Commercial banks' financial products used for money management embraced new rules in China on Friday, which continue the current restrictions on the capital pool, net assets and the investment on non-standard creditors' assets.
Analysts said the new rules do not reveal a tightening of the current regulations, but a relaxation on publicly-offered financial products being invested in the stock market.
In detail, the new rules allow publicly-offered financial products to invest in the stock market, but they have to operate through publicly-offered funds. Privately-offered funds have no similar restrictions.
Meanwhile, the upper limit for investing in non-standard creditors' assets has changed from 35 percent of the financial balance to 35 percent of the net financial assets, which means the cardinal number has been narrowed, which will affect only a few banks.
Another highlight of the new rules is the cooling-off period of at least 24 hours when investors can change their mind, and banks should give a full refund of their investments in time.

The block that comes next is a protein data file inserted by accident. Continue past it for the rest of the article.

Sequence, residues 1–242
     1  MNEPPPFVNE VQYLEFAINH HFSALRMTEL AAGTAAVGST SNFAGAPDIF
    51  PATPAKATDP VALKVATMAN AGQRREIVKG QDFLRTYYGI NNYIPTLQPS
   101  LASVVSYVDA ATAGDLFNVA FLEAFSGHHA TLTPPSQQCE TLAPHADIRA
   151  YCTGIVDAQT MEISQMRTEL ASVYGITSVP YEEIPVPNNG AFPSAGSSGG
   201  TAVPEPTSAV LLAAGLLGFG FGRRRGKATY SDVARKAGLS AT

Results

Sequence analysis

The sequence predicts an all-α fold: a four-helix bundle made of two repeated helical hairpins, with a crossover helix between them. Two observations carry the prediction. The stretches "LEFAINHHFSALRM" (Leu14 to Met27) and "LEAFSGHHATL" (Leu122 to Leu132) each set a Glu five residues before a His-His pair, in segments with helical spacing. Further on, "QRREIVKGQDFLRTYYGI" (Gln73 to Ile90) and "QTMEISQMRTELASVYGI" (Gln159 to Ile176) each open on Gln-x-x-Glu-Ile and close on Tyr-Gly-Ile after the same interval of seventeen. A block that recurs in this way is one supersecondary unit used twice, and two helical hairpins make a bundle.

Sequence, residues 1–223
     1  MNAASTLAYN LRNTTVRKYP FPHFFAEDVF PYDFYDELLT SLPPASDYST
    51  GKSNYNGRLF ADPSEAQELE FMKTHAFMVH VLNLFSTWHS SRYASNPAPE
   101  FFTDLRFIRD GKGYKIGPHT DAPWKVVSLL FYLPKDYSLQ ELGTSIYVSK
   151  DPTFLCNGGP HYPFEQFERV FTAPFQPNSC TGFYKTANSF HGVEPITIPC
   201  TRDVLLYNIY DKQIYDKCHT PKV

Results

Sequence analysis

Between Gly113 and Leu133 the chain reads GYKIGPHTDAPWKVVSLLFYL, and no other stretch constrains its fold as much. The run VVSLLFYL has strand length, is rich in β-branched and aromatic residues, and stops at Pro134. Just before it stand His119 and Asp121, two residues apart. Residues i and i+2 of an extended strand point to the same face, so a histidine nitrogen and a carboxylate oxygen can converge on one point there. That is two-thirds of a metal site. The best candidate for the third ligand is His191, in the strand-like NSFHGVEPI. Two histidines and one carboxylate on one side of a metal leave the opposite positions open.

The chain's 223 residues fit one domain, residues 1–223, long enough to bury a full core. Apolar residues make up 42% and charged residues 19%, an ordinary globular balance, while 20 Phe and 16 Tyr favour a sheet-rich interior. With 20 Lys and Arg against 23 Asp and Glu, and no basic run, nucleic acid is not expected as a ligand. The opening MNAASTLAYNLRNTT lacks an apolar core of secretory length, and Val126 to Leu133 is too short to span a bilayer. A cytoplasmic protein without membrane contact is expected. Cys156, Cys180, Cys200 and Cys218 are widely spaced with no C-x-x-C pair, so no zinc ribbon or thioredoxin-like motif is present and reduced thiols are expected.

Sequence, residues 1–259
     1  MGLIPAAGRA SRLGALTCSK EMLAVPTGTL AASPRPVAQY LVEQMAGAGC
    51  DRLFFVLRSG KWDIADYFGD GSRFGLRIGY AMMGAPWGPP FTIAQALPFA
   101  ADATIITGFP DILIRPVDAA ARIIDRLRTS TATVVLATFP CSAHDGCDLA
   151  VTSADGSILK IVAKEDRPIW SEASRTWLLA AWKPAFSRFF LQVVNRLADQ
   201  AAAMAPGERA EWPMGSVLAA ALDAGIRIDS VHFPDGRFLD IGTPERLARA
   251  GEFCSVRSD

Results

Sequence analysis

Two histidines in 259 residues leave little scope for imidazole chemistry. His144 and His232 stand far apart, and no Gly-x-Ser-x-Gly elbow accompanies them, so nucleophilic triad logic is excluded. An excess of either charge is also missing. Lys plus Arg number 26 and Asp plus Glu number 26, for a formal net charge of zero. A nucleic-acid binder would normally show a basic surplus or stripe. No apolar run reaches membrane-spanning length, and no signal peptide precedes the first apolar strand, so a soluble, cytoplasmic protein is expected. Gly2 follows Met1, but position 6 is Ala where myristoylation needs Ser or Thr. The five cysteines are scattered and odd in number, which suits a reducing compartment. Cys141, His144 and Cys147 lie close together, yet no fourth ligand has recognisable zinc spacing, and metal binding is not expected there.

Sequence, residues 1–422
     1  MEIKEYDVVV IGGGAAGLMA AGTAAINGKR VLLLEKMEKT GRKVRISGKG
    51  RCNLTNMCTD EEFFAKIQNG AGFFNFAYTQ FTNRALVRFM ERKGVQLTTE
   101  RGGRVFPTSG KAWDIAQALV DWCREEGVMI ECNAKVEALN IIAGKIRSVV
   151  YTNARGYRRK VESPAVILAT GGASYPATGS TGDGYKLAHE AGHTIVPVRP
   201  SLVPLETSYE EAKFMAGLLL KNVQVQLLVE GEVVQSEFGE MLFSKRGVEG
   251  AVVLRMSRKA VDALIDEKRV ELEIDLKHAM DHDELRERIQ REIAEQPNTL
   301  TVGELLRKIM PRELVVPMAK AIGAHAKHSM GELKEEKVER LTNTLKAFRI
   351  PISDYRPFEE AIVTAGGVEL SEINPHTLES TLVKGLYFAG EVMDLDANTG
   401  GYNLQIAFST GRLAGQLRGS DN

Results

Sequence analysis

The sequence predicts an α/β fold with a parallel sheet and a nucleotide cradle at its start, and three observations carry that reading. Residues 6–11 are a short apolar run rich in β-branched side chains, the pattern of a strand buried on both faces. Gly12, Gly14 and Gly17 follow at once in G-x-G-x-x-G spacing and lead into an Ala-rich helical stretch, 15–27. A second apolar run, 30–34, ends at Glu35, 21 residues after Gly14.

The new rules have included the Asset Backed Medium-term Notes (ABN), a note whose income payments and hence value is derived from and backed by a specified pool of underlying assets, into securities that are backed by underlying assets.
According to China's banking and insurance regulator, the country has witnessed a stable financial product market in the past months.
By the end of June, the non-break-even financial products from China's commercial banks had a balance of 21 trillion yuan (about 3.1 trillion U.S. dollars), 21.97 trillion yuan (about 3.2 trillion U.S. dollars) by the end of July, and 22.32 trillion yuan (about 3.25 trillion U.S. dollars) by the end of August.